What Argument Against The Renewed ERA Could Feminists Face?

This is a guest post by Autumn Sandeen of Pam’s House Blend and LGBT Weekly. Her full bio is after the jump.

Recently Rachel Maddow ran a segment entitled Equal Rights Amendment Sees Renewed Interest on her MSNBC show. In the segment, she indicated that the ERA has been reintroduced in the House of Representatives by Rep. Carolyn Maloney (D-NY) and the Senate by Sen. Robert Menendez (D-NJ) as a response to the recent Wal-Mart decision by the Supreme Court of the United States.

The plain language of the ERA, in the 1970′s and now, is as follows:

Equality of rights under the law shall not be denied or abridged by the United States or by any state on account of sex.

In the segment, Maddow identified the 1970′s arguments against the ERA to show how poorly those arguments hold up today.

Maddow identified columnist Phyllis Schlafly as the 1970′s leading opponent of the ERA. Schlafly’s, and her peers’, arguments against the ERA included “the potty problem” — legalization of unisex bathrooms — as well as the arguments that making men and women equal under the law would make women and men the same thing; would push women out of the home and into the workplace; would allow “homosexuals” to be married, adopt children, and teach in schools; would (under a draft) force women to go into military combat.

Maddow asks the question at the near the end of her piece:

Why couldn’t the ERA become law now? Do the arguments from the 1970s still stand up now? Really?

Most of the arguments against the ERA in the 1970s don’t hold up as well now — most of these arguments wouldn’t resonate with the general public to the level that these did in the 1970s. You could count on, though, that the argument about how mandating equality would mean erasing all differences between men and women would still be used as a key argument, as well as the argument against marriage equality.

So if feminist interest, and the general public’s interest, in the ERA returned to prominence in the 2010s, what would be the new arguments against the ERA?

I have a good idea what one of the major arguments against the ERA would be.Thumbnail link: Traditional Values Coalition's 'New Restroom Design'

In the trans community, we refer to a likely argument as the “bathroom bill” meme. It’s transgender specific: the argument is that “men in dresses” will enter women’s restrooms and prey on women and children in public restrooms. This argument is brought up by religious right adherents pretty much every time there’s employment or public accommodation of anti-discrimination legislation that includes protections based on sexual orientation and/or gender identity (e.g. here, here, here, and here). A radio ad for by the Massachusetts Family Institute’s No Bathroom Bill website is here.

It doesn’t take much of an imagination to see that the same “bathroom bill” meme that’s used to argue against ordinary equality for transgender people in anti-discrimination legislation would be used by the religious right and other social conservatives against the ERA.

Should the ERA again become a priority for feminists, the feminist community would then be confronted with choices on how to combat the “bathroom bill” meme:

Of course, a fourth alternative is that the feminist community so divides over how to approach the “bathroom bill” meme against ERA that it becomes functionally paralyzed.

So if the ERA should again become a prominent feminist issue, then feminists are going to have to come to terms with the reality that trans women really exist and, via the “bathroom bill” meme, would be a prominent part of the public discourse about the amendment. In my mind, how the feminist community would come to terms with the reality of trans women is far from settled.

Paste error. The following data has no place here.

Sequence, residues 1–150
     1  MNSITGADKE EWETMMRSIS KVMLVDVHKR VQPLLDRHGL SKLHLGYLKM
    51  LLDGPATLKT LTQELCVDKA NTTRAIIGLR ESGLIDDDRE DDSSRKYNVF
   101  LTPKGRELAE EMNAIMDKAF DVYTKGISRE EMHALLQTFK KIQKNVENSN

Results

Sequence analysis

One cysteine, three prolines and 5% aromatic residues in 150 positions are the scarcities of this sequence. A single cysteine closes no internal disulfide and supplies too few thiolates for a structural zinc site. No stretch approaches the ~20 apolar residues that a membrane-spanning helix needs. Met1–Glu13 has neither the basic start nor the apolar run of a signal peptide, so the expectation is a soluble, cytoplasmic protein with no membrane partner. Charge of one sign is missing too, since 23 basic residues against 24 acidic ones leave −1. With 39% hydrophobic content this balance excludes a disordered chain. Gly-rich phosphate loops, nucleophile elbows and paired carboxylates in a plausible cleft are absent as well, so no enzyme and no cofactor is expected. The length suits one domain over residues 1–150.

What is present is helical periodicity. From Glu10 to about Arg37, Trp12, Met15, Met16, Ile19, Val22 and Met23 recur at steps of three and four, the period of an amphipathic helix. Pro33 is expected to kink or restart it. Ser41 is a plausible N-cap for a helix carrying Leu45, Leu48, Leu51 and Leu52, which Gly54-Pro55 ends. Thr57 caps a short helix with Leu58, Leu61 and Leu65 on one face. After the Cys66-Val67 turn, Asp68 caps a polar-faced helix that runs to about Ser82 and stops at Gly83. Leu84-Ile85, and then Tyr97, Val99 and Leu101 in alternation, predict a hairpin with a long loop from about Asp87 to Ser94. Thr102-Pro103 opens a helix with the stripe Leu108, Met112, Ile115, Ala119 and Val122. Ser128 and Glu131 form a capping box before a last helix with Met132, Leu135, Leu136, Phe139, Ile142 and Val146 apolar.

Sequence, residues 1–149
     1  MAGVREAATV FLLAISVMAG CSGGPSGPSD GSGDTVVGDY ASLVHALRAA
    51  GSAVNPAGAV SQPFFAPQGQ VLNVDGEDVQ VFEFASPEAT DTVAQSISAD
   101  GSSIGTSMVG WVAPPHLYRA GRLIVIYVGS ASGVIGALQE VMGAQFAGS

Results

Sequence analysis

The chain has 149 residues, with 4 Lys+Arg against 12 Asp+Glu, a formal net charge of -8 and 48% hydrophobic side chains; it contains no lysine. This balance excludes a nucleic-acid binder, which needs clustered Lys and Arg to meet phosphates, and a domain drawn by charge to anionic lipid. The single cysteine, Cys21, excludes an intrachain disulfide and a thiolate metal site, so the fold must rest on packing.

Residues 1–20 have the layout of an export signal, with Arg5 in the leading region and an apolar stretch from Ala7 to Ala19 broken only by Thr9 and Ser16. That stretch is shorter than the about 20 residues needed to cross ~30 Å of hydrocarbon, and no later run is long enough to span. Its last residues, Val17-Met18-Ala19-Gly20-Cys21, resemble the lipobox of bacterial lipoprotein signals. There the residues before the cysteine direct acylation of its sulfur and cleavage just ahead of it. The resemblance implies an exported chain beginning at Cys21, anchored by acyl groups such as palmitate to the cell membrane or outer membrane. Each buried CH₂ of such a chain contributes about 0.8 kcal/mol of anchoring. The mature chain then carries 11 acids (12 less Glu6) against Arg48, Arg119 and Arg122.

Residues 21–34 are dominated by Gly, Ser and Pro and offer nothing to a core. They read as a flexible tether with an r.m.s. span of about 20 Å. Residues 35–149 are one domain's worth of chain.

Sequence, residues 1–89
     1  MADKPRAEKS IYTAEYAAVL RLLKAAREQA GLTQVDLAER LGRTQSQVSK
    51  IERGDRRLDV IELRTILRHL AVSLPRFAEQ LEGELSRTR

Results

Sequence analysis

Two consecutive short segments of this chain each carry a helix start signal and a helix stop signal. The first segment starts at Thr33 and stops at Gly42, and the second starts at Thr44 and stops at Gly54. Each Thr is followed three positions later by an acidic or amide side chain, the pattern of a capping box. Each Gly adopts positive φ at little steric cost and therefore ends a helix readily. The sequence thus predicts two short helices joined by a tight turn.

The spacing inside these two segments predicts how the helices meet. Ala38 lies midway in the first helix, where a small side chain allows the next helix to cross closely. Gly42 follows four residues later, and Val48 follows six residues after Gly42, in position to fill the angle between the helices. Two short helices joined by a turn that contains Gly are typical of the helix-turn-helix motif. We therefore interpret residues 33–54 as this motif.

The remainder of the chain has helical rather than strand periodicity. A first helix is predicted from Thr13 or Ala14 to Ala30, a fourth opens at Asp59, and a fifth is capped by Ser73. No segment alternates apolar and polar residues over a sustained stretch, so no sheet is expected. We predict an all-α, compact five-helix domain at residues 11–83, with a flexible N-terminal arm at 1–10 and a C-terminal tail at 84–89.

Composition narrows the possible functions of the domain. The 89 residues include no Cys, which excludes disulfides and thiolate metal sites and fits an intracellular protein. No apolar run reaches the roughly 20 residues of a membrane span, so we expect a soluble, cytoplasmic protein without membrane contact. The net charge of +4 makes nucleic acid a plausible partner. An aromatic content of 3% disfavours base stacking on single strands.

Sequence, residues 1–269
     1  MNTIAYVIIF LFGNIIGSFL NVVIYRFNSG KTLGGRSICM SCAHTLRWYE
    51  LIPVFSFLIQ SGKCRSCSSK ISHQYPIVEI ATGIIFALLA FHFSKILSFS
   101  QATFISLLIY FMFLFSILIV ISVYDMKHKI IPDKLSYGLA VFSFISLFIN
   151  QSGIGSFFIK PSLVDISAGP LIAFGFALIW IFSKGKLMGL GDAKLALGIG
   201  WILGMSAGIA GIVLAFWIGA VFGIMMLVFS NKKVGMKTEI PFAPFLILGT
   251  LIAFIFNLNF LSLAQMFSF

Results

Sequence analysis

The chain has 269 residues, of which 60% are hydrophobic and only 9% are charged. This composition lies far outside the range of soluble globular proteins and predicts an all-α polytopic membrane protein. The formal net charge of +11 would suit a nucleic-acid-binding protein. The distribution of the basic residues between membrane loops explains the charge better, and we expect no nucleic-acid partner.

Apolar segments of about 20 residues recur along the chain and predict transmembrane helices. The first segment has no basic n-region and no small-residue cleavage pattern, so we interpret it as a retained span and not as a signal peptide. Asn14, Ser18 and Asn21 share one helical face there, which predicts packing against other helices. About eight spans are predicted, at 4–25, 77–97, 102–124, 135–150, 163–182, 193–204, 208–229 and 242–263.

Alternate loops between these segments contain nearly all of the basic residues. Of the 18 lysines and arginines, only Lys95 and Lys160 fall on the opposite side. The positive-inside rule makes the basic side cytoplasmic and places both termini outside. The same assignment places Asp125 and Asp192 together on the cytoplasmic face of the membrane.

Autumn Sandeen is a transgender activist who writes for Firedoglake’s Pam’s House Blend and the Trans Progressive column at LGBT Weekly. As a disabled transgender military veteran, she twice in 2010 — with other LGBT veterans and activists — handcuffed herself to the White House Fence for the repeal of Don’t Ask, Don’t Tell.

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15 Comments

  1. Posted August 10, 2011 at 10:09 am | Permalink

    I’m sorry, was there some sort of confusion over whether the feministing community supported tans women and men I might add. Was this actually an issue and is there really that distinct a failure in support for trans people in the greater feminist community? I know that trans causes are probably not as well understood or represented my cisgender feminists as they should be, but who’s throwing rocks at trans equality here?

    Honestly, what are people’s opinions of shared/unisex bathrooms as a means to give parity in the workplace and public to the trans community?

    • Posted August 10, 2011 at 12:27 pm | Permalink

      The biggest barrier to this often isn’t physical changes to the facility, but health codes, workplace and industry regulations that require “separate male and female facilities” even if each restroom is a single lockable facility that can only be used by one person at a time. I was health and safety director at a summer camp that rented space from Smith College, and we had to put up signs to swap genders on some bathrooms and in some cases temporarily make unisex bathrooms back into single sex bathrooms because our male:female ratio was different and our regulations were different as a summer camp vs a college campus.

      I think shared/unisex bathrooms are a great idea, not only for trans people but also for children and caregivers who are opposite sex, people with disabilities who might need assistance from someone of the opposite sex, and often baby changing tables are only available in the women’s restroom. Unfortunately many regulations supposedly in the interest of public health and safety are standing in the way.

    • Posted August 10, 2011 at 1:03 pm | Permalink

      Ms. Sandeen is an activist in this area and presumably has experience in this regard, so I am willing to give full respect to her opinions and anecdotes about how the greater feminist community, outside of our cozy little website here, tend to respond to her in particular and trans equality in general.

      In my opinion the most obvious line that will be employed to combat the “bathroom” meme is to deny that the ERA will change bathroom situations at all.

  2. Posted August 10, 2011 at 10:13 am | Permalink